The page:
KDOQI Clinical Practice Guidelines for Cardiovascular Disease in Dialysis Patients

Section III. State of the science: novel and controversial topics in cardiovascular diseases

The following sections have been prepared to ensure that the state of the art and science related to CVD includes novel concepts, therapeutic strategies, and emerging areas of pathophysiological and practical importance to the care of dialysis patients.

The reader will notice that the format of this section is different, reflecting its different perspective: namely, the relative lack of evidence on which to base plausible guideline statements. The evidence that does exist, and is cited in this section, is either completely in nondialysis populations, or is purely associative information, with no intervention in any population yet tested. Thus, it would be a problem to include guideline statements or recommendations.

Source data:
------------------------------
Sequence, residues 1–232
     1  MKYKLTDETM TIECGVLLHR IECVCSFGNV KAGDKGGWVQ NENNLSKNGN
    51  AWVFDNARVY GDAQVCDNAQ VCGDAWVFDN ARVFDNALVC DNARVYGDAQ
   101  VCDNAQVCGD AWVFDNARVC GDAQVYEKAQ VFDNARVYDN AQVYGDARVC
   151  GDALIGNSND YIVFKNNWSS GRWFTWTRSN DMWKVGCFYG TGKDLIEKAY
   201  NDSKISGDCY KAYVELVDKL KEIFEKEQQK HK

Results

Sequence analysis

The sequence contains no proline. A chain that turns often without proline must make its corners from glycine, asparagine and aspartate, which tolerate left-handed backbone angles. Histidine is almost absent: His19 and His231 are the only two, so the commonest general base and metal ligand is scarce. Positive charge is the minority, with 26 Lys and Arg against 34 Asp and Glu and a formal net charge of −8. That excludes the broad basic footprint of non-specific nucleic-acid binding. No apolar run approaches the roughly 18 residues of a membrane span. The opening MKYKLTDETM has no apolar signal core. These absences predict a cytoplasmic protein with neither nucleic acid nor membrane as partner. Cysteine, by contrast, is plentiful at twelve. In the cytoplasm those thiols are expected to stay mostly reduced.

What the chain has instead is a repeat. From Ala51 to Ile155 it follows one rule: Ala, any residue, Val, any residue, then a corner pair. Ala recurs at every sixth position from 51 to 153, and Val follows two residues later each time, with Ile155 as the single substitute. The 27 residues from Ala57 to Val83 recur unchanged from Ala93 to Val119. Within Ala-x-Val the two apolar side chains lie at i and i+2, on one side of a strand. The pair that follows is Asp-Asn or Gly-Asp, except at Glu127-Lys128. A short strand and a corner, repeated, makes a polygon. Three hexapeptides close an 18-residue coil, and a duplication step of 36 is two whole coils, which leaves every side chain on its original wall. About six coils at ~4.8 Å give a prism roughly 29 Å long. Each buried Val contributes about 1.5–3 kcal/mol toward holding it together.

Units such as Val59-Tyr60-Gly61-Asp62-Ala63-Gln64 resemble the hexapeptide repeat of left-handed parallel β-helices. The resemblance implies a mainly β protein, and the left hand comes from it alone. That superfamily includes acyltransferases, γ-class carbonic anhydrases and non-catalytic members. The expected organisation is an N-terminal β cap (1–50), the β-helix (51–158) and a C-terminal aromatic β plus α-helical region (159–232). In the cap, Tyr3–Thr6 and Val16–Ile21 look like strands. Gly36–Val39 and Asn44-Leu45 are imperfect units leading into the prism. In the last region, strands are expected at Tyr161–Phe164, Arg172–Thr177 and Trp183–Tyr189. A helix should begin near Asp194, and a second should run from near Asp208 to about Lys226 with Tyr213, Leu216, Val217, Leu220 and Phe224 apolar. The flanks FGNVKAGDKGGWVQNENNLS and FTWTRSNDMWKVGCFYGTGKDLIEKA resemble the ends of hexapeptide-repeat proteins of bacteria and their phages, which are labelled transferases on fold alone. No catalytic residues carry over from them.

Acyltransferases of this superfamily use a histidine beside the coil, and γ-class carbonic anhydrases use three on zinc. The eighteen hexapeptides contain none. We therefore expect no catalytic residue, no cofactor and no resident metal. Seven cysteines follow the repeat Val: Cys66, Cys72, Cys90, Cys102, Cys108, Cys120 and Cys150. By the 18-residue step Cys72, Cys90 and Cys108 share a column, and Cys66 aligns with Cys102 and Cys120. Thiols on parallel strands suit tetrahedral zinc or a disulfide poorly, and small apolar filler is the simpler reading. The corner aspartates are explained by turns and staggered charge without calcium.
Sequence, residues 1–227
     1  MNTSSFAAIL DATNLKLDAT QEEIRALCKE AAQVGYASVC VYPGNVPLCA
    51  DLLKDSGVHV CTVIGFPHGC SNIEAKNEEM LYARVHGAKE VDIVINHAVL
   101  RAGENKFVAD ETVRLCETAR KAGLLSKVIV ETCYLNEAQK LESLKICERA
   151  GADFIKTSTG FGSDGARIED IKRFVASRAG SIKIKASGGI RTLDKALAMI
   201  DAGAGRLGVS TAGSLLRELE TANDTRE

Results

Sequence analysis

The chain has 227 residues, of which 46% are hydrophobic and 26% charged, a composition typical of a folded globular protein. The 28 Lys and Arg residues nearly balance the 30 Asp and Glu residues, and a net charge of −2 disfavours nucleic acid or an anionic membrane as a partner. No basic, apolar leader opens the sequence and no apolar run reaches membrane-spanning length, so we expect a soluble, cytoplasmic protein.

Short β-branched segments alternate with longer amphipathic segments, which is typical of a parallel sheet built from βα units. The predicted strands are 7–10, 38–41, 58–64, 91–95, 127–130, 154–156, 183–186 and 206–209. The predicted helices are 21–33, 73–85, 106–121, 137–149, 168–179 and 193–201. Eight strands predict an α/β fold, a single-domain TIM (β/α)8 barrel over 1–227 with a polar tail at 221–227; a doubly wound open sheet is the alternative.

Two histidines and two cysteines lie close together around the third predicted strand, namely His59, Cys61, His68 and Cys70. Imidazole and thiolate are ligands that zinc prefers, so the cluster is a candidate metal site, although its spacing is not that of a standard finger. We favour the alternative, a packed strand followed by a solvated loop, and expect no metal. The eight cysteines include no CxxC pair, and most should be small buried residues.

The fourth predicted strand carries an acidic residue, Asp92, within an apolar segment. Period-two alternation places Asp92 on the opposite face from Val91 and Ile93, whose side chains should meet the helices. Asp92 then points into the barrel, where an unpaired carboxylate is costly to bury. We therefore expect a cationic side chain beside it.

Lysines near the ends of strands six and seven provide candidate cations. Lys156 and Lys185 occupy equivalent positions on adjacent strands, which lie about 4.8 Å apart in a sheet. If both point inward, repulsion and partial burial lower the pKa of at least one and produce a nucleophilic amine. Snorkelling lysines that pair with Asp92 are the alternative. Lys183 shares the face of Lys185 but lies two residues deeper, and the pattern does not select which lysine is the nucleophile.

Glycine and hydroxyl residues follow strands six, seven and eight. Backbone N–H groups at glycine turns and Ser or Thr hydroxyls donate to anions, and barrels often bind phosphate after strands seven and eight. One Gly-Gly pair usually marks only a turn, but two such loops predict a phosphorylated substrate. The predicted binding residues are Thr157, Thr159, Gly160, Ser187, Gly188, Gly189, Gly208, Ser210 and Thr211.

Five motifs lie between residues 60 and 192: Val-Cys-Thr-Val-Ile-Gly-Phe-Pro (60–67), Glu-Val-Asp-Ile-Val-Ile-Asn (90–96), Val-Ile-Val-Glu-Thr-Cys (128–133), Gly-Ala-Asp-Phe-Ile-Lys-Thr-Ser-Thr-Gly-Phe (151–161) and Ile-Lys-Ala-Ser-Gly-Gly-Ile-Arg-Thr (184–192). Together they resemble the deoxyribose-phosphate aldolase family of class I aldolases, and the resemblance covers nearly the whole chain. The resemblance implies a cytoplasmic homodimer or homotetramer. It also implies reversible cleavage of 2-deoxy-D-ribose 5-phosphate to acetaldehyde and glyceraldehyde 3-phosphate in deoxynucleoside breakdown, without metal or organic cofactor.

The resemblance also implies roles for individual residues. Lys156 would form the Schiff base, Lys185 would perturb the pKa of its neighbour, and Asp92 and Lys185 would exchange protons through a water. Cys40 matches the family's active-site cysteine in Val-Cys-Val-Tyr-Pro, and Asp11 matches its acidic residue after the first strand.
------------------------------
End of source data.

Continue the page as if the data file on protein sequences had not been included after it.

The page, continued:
Nonetheless, this section describes the current status of knowledge with respect to risk factors and biomarkers, and represents an overview of key areas for future clinical trials. The reader is encouraged to review this section, and examine his or her current understanding and practice within the context of these highlights.

The literature review has been conducted using the same systematic strategy as for the previous guidelines in this document. The reviews presented here have been thoughtfully constructed so that clinicians can adopt different practices based on them. However, for reasons cited above, the ability to truly recommend or suggest changes in practice would be premature at this time.